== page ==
The End of a Battlecruiser

A very long time ago – thirty years ago in fact – I joined the Klingon Assault Group. It was a refreshing change from other Trek clubs at the time, more creative, less gatekeepered.

The 90s were a time of at least two Creation Cons a year in Pittsburgh, and swarms of costumed Klingons were impressive. This was before the internet, 3D printing, Etsy and the maker movement. We had to learn techniques to craft the complicated elements of a Fletcher-type Klingon. It was fun. It was a bit expensive.

Shortly though the focus became more about charitable and volunteer work. Our ship, DARK JUSTICE. became quite noted in the Pittsburgh area, no doubt on our costume quality, but also our work ethic. Carnegie Science Center and the Pittsburgh Mayors office were among those that contacted us to work at events. We were regularly invited to provide color at bars, music venues, and theaters – as well as weddings.

No doubt the first reason was our appearance. But calls continued for us because we were reliable. Bayer featured us annually at their haunted trail; at first as Klingons, then as regular horror volunteers – my most successful turn was as a zombie bobby with a Sean Connery accent working the crowd waiting in line. So it wasn’t only our Klingon costumes.

Times and culture have changed. An entire industry of cosplay has emerged. There are some truly impressive creations out there. Awareness of gatekeeping and bullying have grown. My understanding of fandom has expanded.

Five years ago, when I stood up IKV ADJUDICATOR, my concern was the focus on cosplay at KAG, and my worry that my very active members, who did not enjoy cosplay, would be short-changed. In long text exchanges with John Halvorson, the man who created KAG in 1989, I was shown how to compromise and work around the cosplay centric premise of KAG; John simply said to get some of those all-over-print tees of Klingon uniforms. A brilliantly simple solution. That was John, he saw Klingon in everything, from motorcycle vest to apron.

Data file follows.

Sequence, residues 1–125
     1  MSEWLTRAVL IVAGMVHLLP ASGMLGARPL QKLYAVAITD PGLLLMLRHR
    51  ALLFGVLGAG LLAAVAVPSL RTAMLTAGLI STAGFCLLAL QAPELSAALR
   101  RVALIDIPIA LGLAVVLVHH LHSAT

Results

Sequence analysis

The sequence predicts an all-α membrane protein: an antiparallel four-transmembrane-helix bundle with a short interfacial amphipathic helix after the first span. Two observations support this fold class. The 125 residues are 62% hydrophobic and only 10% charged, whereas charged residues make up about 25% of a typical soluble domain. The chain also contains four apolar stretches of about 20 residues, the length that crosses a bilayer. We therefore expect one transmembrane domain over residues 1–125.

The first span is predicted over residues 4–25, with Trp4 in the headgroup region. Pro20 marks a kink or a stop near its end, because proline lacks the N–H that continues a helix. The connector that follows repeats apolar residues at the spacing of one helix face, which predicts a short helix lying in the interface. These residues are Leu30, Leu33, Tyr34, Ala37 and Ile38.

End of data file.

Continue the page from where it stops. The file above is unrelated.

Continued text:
And so we soldiered on. I ran my group with a simple principle: I was here to celebrate YOUR style of play, not impose my own views. That was wildly successful. We crushed holiday charity challenges two years running during a pandemic. Perhaps even more importantly, I think we have a supportive group that celebrates however one gets their geek on.

Thus it was probably inevitable that my philosophy would come into conflict with that of KAG. John sadly left us two years ago, and my interpretation of his work, as broad and inclusive, is different from the cosplay-based views of KAG leadership. Neither is wrong; John held both ideas.

But as the costume standards have tightened and the requirement of costume for advancement has remained, I’ve become more resistant. Cosplay is an aspect of fandom, no more important to the overall concept as video gaming, or fan fiction. The use of costume as a gatekeeping tool has haunted me throughout nearly four decades in Trek fandom. It’s why we left numerous club affiliations, from USS POTEMKIN in 1984 to THE FLEET last year. It is a red line for the group, particularly when it serves to create an outgroup of members who aren’t costumed to an arbitrary standard.

This is the situation I found myself in this morning with KAG. It’s not a hard choice. Thirty years in KAG, a name of some notoriety, commander’s rank, even the prospect of higher command… none of that is worth telling one member that they have to buy a costume, or that they can’t participate with the others because they aren’t uniformed, or that I’m not promoting them because charity work is less important than cosplay. It’s an easy, if unfortunate, call. We will not gatekeep like that.

So, as of this morning IKV ADJUDICATOR has severed ties with KAG. Now she shall exist solely as an aspect of the Rocketpunk Space Patrol – where we control the vertical, and we control the horizontal.

Robby Robert @ DeviantArt

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